Researchers Map Path of Humans' New Brain Cells

Scientists used to think that we were born with all the brain cells we'd ever have. But in 1998, researchers showed that even adults keep making new ones.

That discovery launched a massive effort to figure out where these cells come from and where they go. Now a team from New Zealand seems to have found the answer.

The head of the team is Richard Faull, an expert on brain diseases at the University of Auckland. He's not exactly the person you'd expect to make a big discovery about new brain cells. They are, after all, a type of stem cell.

"I don't have a big background in stem cells at all," Faull says. "In fact, I wasn't interested in stem cells and neurogenesis."

Faull says he was more interested in how old brain cells died than in how new ones appeared. "But when I read that paper [on adults producing new brain cells], I said, 'This is the most interesting paper that I had ever read.'"

Faull says he became obsessed with figuring out what was happening to those new brain cells.

"If we could just talk to them and say, 'Where are you going?' They would say, 'I'm going off to the basal ganglia' or something," Faull says.

Researchers knew where new brain cells go in rats, but not in humans.

In rats, the cells are born in a part of the brain called the subventricular zone. Then they follow a pathway that leads to an area of the brain involved in smell.

"And we could see evidence of this pathway in the human," Faull says. But they couldn't trace the path to its end.

Faull's team kept looking. With help from researchers in Sweden, they studied brains from dozens of human cadavers.

The teams cut the brains into thin slices, then peered at them through high-powered microscopes. In some brain sections, the pathway seemed to be there. But in others it just disappeared.

Elsewhere, some researchers had concluded that this kind of pathway simply didn't exist in people the way it does in animals.

Even Faull began to have his doubts. Then his team got an idea: Maybe they were looking at things from the wrong angle.

"We like to think 'kiwis' down here in New Zealand; we got a bit of ingenuity," Faull says. "So we turned around and we said, 'Right, instead of cutting from the front to the back, we cut sections which go along the length of the forebrain.'"

And there it was: the missing pathway. Actually, what they'd found was the biological equivalent of a superhighway for brain cells. And just as it did in rats, the pathway took new cells from the subventricular zone to the brain's smell center.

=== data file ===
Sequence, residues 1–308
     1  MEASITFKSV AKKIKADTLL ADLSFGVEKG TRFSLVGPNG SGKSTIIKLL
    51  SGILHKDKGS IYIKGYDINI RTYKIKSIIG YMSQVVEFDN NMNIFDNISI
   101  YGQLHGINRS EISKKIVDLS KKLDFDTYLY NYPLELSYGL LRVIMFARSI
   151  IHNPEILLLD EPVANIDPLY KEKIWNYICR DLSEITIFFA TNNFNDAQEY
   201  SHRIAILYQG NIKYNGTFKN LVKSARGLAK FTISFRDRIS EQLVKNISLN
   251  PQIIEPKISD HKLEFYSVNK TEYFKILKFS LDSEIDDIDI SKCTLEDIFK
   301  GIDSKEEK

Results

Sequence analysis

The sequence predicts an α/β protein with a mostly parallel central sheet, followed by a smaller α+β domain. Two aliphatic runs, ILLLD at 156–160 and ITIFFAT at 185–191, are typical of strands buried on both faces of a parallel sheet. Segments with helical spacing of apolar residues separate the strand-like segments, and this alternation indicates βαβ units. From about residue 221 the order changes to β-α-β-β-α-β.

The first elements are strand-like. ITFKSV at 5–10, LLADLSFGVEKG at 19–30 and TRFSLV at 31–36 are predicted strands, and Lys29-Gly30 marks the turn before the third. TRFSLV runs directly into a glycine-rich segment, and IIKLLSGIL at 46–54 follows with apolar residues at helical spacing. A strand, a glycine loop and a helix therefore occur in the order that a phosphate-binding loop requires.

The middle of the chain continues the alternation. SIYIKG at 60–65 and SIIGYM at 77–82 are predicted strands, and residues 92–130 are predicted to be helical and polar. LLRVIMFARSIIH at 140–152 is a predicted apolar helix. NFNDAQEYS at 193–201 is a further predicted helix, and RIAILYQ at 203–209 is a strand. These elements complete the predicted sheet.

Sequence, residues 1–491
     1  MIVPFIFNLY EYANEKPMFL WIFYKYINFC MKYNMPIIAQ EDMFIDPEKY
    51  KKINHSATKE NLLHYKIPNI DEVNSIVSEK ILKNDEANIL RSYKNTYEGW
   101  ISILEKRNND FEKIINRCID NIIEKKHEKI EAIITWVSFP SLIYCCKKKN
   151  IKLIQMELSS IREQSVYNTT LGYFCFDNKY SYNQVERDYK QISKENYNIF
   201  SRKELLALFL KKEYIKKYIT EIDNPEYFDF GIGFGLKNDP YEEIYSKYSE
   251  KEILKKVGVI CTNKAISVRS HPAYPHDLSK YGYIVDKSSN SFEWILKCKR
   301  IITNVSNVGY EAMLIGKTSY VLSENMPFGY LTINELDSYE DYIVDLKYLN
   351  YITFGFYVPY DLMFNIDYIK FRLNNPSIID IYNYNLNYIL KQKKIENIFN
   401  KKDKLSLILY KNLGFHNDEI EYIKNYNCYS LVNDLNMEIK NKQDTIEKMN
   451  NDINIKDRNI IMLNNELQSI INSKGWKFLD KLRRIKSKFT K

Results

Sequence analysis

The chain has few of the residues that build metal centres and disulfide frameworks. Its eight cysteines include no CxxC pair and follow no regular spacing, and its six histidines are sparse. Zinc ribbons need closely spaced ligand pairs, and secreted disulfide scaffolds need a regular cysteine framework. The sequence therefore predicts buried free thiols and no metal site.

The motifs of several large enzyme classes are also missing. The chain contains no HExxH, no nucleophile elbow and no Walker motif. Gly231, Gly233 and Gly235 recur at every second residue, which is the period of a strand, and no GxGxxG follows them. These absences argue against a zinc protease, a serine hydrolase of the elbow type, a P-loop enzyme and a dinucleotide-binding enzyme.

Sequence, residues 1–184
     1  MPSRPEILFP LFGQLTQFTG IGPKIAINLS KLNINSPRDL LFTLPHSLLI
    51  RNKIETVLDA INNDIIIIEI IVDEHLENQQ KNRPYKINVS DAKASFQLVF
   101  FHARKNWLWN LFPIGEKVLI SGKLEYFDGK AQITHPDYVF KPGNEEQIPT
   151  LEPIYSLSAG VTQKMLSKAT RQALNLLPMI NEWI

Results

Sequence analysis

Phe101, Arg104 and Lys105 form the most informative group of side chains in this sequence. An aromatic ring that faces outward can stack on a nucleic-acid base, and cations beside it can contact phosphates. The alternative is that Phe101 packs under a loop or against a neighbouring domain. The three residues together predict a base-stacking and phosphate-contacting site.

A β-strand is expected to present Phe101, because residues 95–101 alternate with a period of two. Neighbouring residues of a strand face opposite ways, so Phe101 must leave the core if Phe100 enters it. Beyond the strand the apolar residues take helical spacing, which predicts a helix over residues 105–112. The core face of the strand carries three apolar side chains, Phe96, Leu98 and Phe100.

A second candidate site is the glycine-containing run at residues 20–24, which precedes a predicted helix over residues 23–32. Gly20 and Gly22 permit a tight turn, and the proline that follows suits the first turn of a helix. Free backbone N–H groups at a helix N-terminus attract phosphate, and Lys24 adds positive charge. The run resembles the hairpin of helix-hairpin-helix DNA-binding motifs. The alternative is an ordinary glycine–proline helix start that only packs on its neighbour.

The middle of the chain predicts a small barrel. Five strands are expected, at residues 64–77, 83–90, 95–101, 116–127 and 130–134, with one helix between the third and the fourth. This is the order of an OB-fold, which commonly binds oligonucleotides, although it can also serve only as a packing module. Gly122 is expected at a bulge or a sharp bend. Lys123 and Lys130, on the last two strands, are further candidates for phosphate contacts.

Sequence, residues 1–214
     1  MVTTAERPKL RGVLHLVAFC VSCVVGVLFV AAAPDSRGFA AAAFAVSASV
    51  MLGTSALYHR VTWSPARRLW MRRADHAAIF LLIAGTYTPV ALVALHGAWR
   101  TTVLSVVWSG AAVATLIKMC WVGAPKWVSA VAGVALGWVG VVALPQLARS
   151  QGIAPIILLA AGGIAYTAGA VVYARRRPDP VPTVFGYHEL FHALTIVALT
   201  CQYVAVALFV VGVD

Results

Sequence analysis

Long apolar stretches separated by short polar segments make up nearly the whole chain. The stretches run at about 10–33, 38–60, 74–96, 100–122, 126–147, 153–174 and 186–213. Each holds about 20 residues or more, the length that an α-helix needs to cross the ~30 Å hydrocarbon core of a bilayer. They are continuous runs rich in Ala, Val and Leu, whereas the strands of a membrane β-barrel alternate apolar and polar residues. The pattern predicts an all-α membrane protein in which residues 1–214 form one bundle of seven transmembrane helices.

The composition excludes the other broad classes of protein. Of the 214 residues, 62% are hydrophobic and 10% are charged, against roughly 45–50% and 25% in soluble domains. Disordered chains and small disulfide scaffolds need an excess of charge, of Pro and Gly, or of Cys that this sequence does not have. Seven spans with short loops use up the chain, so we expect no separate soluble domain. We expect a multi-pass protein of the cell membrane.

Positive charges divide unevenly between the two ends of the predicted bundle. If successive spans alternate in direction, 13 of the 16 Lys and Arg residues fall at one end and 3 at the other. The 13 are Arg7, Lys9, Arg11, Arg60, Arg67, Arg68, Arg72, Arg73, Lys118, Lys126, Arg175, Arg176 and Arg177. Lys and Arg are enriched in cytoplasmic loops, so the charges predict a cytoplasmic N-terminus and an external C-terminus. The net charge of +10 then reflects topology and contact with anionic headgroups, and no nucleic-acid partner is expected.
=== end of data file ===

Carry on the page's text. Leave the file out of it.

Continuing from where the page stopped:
The research was published in the online edition of the journal Science.

Faull says the discovery raised an important question. Rats need a keen sense of smell to survive. But why would humans send a river of new brain cells to a place that sorts garlic from oregano?

Faull thinks the answer is that most of the new cells are diverted before they reach the human smell center.

"It's like the freeway from Boston to Washington D.C.," he says. "It's actually got off-ramps going off to New York and all the rest of it. And we are seeing hints that cells are leaving this pathway well before the end of it. "

They're probably going to places involved in more important functions, like memory or motion. And these new brain cells may be vital to keeping these parts of the brain working.

No one has shown that yet. But there are some hints.

Story Landis, who directs the National Institute of Neurological Disorders and Stroke, says the existence of a common superhighway for new cells could help explain a surprising observation.

"For some neurodegenerative diseases like Parkinson's Disease," she says, "there's some thought that an inability to smell is one of the first symptoms."

That supports the idea that there is a connection — a pathway — between the brain's smell center and the area affected by Parkinson's.

Landis says that next, researchers need to find a way to use this pathway to get new brain cells to places that need repair.

"Parkinson's, stroke and Alzheimer's disease are all very pressing diseases where nerve cells die," Landis says. "We would love to be able to replace them."

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